Automation is a broad subject with many applications. There are a lot of things in the world with the word “automatic” attached to them, from sewing machines to production lines to coffee makers. But for IT purposes, a simpler definition might be:
Automation describes systems and processes that function fully or in part without human assistance.
This means that things somehow get accomplished without us having to perform the work itself. It’s useful to consider that the opposite of “automated” is “manual”, which literally means “operated or performed with the hands”. If you can make something happen without using your hands (to type or move the mouse a lot, for example), then you’re on the right track.
All of us have examples of tedious or time-consuming work tasks, few of which we brag about to our peers. Take this example I heard recently:
“I have a list of keywords in column A, I have list of keywords in Column B, and I’m going to figure out all the keywords that are in A and not in B.” Every engineer in the room is like, “OK, that will take me two minutes.” This guy, college graduate, would literally spend several hours every day doing this manual keyword comparison.
But this isn’t really fair, because I know plenty of engineers, myself included, who have at some point been guilty of the same approach. We keep opening up the same spreadsheet every day and spending some time massaging it even though we know, intellectually, that we should be using a better process. But writing a script or tool takes time and thought which is in short supply on Monday morning, so we muddle through and get it done.
Yet this is only a trivial example. Sometimes it’s not a spreadsheet, but a complicated series of tasks that we perform repeatedly, even considering this part of the normal job description. New virtual machine needed? No problem, I’ve got my checklist and procedure right here. I’ll have that ready for you on Wednesday.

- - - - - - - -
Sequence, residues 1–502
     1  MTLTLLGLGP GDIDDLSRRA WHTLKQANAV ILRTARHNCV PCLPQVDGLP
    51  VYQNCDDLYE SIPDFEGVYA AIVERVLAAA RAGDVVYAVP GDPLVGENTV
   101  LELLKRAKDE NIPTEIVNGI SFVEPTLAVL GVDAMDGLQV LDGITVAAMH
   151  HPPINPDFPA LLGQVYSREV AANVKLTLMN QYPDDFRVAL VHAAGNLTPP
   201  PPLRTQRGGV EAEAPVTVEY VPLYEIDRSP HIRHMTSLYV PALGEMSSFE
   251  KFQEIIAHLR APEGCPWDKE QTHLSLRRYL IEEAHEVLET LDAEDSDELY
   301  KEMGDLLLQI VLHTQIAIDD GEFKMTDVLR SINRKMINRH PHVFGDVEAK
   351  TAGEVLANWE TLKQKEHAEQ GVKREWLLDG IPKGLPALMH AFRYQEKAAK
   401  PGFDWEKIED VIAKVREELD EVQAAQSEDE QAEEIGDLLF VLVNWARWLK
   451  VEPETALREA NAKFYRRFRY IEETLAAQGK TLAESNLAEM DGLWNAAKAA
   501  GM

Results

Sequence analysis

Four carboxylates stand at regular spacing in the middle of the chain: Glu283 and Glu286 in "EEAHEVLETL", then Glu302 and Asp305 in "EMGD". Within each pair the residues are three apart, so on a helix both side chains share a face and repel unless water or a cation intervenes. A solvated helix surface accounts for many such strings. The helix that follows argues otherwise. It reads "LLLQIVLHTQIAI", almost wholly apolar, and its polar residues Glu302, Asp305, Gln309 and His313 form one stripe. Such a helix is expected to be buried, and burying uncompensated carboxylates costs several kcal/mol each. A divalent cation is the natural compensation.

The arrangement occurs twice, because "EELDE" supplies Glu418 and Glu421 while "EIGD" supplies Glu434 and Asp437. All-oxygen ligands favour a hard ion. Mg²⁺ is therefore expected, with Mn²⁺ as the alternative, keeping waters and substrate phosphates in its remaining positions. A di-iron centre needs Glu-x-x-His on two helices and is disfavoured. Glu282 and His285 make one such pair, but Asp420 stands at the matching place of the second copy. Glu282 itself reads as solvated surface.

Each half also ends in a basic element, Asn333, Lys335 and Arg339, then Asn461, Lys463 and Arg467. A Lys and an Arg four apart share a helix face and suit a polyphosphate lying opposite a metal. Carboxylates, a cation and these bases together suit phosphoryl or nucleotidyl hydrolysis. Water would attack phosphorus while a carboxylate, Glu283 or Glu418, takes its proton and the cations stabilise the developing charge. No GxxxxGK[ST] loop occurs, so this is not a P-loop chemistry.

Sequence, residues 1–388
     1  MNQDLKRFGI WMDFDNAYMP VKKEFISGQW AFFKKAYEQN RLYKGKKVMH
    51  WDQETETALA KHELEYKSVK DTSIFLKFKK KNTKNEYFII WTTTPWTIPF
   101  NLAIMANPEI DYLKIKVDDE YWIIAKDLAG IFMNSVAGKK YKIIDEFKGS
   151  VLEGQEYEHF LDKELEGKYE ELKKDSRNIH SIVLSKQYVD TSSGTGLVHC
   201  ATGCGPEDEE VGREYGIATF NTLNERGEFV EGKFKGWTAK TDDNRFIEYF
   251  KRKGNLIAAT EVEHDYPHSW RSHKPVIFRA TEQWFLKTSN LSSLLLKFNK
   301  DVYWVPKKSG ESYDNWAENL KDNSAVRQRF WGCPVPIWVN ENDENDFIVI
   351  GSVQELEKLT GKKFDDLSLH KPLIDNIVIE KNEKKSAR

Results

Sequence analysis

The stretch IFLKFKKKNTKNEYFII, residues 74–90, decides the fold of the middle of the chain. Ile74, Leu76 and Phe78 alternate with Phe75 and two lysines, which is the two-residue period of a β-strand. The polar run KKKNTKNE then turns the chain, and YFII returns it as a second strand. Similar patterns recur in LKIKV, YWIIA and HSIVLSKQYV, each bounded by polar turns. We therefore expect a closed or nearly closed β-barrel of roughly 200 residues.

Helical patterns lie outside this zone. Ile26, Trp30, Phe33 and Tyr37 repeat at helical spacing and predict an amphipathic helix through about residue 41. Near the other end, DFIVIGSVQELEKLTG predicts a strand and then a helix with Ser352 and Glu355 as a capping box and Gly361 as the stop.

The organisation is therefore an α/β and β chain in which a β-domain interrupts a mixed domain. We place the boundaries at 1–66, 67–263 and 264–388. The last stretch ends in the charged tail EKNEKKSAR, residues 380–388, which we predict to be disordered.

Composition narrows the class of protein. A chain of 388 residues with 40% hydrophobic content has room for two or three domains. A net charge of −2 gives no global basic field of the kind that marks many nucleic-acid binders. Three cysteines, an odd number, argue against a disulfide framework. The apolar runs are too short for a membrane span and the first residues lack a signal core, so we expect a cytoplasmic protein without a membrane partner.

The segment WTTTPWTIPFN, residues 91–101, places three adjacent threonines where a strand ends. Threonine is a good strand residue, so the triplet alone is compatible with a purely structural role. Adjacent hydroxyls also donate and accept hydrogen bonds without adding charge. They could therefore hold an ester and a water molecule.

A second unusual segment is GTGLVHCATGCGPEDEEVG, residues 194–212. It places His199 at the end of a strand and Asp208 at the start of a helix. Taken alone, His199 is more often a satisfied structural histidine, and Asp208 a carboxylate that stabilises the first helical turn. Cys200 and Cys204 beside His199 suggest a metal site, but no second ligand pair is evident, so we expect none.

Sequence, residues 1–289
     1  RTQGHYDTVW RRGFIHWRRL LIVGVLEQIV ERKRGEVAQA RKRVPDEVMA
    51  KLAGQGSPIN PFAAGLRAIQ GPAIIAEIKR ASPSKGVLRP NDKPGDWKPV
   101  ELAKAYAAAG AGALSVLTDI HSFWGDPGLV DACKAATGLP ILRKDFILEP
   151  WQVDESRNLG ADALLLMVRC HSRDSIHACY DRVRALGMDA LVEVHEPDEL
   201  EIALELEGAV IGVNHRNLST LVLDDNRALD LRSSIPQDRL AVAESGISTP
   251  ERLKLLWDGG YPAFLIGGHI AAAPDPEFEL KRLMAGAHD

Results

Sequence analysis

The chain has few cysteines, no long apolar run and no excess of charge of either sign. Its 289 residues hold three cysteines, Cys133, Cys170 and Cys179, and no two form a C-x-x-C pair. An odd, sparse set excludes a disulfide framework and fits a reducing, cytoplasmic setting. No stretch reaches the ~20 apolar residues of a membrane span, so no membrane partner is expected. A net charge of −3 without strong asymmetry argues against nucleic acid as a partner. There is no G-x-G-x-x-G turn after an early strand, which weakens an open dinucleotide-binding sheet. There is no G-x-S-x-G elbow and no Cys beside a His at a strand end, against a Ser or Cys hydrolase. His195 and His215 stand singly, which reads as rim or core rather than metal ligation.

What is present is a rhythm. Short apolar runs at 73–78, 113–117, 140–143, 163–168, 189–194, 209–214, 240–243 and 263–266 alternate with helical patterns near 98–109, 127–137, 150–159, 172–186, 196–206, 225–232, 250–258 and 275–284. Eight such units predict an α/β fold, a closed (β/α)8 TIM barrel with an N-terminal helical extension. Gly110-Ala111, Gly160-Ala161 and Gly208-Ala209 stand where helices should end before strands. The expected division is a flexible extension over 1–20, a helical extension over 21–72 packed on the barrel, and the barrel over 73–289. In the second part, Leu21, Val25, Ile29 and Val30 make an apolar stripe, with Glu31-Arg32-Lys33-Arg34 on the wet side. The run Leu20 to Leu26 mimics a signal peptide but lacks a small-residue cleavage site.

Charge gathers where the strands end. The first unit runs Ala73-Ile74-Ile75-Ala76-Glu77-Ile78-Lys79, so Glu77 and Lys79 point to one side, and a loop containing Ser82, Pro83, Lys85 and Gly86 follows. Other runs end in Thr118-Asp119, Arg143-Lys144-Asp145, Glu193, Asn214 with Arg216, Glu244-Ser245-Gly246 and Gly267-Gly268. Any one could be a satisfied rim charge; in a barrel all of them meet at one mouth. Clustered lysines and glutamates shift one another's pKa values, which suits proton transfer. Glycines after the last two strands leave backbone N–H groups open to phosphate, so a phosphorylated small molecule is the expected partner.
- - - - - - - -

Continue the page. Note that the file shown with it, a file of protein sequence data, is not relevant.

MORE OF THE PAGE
Automation involves taking the point of view that many things done with the hands can be done by machines (computers included), and that we as knowledge workers should strive to do our work mainly with our brains, not our hands. It means setting up systems to minimize our input and maximize the capabilities of software and systems to accomplish on their own what we need done. Automation is therefore not a specific technology, but a way of deploying and working together with it.
Benefits of Automation
We’ll discuss how to achieve automation in the remainder of the course. For now, let’s consider some of the main benefits: why put time and effort toward automating your operations and infrastructure?
Here are my top 7, in no particular order:
There are some important differences between human beings and computers that we should remember. One is that people are often brilliant, but computers are always dumb – they never have new ideas, and only do what they’re told. On the flip side, these dumb computers are amazingly consistent, doing exactly what they are told every time in the same way. People, on the other hand, are often forgetful and unreliable despite their relative intelligence, often distracted by things that seem more important at the time.
This inconsistency is bad when it comes to running an IT organization and the business it serves. Every time something doesn’t get done consistently, more corrective work must be done and more time is lost. This means lower quality that makes things worse for coworkers and customers (not to mention your boss).
Automation improves consistency by freeing people up from doing tedious tasks (like our friend with the aforementioned spreadsheet). A well-automated process is consistently on time with consistent results.
People like to complain about the complexity of modern life. This is a little cynical, because modern life is pretty awesome in part due to these complexities. That said, modern IT life does involve a level of complexity which is surpassing the human capacity for keeping things straight. If we can only keep meaningful relationships with 150 people or remember seven items of information simultaneously, it’s unlikely we can successfully manage thousands of servers or hundreds of support requests without help.
Part of the reason for inconsistency is complexity, which makes it inherently difficult to do things the same way every time. Checklists arose to help with this, and go a long way toward helping people be consistent (they still take a long time to do it).
Automation deals with complexity by foisting it upon the machines that implement complex processes. We define the process once, implement it in an automated fashion, and thereby reduce the need to think about the complex reality that underlies it.